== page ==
How To Weave Great Selvedges

by Christine Jablonski


Your weaving looks like an side looks great, the other looks like it was woven by an over-tired two-year-old. Some picks look like they are choking the selvedge threads…others look like there’s a bubble-shaped force field between the warp and the pick. 

Does any of this sound familiar? You are not alone, and despite your frustrations, this is a fixable problem that is not just about practice.  Understanding that the topic of neat selvedges can inspire fierce debate and strong opinions, we offer these techniques that have worked for this weaver as a way (not the only way) to smooth your selvedges.


Bubble Your Weft


Because weft yarn travels over and under warp threads, it travels farther (and thus requires more length) than the measured width of the warp. If you don’t believe me, try this experiment: cut a 10” length of string, pass it through a 10” wide shed and see if the yarn reaches the edge. So to account for this “take-up” in the weft, you need more weft yarn in the pick to make the weft lay flat and not pull the side in.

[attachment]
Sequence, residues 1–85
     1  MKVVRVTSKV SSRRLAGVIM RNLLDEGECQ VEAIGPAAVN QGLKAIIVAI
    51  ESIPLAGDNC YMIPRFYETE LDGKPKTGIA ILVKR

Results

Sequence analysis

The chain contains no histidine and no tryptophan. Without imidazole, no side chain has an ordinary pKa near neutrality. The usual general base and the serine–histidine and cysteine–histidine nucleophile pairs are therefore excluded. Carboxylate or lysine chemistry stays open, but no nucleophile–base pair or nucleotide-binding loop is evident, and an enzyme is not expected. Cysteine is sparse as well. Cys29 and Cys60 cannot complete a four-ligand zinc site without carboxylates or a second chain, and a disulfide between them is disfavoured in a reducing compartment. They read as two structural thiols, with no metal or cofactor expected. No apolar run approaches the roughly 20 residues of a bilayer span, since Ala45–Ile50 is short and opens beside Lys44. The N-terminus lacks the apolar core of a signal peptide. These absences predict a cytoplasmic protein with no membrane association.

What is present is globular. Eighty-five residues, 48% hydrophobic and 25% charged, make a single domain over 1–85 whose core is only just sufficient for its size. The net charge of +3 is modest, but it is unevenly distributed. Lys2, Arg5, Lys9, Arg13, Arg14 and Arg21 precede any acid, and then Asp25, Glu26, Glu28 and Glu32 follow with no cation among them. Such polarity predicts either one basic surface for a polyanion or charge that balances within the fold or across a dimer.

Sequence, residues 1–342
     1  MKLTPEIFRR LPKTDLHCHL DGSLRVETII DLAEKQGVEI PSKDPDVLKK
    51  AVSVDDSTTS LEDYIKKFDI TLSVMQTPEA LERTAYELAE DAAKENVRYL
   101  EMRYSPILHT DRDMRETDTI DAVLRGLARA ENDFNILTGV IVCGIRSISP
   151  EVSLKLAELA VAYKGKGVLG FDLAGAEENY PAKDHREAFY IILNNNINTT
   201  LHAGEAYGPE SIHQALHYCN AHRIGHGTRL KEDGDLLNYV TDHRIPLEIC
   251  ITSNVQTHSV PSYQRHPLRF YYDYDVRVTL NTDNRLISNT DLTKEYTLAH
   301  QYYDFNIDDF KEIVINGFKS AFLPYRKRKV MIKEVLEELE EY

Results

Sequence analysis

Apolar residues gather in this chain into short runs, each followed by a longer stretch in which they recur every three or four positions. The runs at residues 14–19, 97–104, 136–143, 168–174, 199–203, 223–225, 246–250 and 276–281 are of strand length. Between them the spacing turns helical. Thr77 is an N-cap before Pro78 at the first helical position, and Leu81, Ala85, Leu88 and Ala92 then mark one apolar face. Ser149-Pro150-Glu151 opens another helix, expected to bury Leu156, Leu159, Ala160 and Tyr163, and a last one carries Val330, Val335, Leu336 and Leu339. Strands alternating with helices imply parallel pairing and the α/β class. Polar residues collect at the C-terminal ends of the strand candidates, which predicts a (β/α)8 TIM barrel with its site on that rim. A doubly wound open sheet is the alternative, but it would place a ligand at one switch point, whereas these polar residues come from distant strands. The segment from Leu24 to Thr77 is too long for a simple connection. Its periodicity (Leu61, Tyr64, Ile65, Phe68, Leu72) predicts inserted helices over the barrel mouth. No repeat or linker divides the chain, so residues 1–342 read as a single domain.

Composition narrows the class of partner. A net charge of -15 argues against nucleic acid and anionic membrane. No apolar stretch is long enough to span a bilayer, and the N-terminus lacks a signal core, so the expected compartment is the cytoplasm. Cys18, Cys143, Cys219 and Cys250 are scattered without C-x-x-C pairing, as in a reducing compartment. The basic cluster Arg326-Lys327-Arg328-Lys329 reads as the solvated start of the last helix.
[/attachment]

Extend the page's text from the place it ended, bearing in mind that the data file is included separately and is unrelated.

By “bubbling” the yarn (think sunrise, of sunset, or even create a mountain peak if you wish) you put more weft length into the shed so when beaten into place it will not pull on the edges.

The 45-Degree Pinch

weaving neat selvedges

This one can get a little controversial–some say never to touch the selvedge edge. When I started out weaving, I found it enormously helpful to hold the weft yarn against the selvedge thread while I created a 45-degree angle with my yarn from the fell line (serves the same purpose as the bubble). 

Then when I beat, the weft yarn was perfectly placed around the selvedge thread and the extra length of weft yarn created by the angle gave me a nice, smooth selvedge.

Feel For Resistance

The weaving teacher who told me never to pinch the selvedge offered this alternative—develop a feel for the weft yarn. As soon as you feel the slightest pressure of it connecting with the selvedge is when you stop pulling (note the angle of the weft – you still want extra length to accommodate take-up). 

I do have to admit, this has become my preferred habit – it is also probably the most subtle and requires the most practice. If you’ve ridden horses and understand the sensation of feeling the horse’s mouth, through the bit and the reins, in your hands, this will be a familiar concept. 

So try one, or all of these, and see how they work for you—and practice!

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